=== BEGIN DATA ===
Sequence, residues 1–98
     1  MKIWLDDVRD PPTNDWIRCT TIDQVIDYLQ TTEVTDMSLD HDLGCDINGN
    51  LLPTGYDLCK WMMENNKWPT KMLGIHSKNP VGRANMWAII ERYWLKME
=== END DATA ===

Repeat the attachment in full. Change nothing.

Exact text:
Sequence, residues 1–98
     1  MKIWLDDVRD PPTNDWIRCT TIDQVIDYLQ TTEVTDMSLD HDLGCDINGN
    51  LLPTGYDLCK WMMENNKWPT KMLGIHSKNP VGRANMWAII ERYWLKME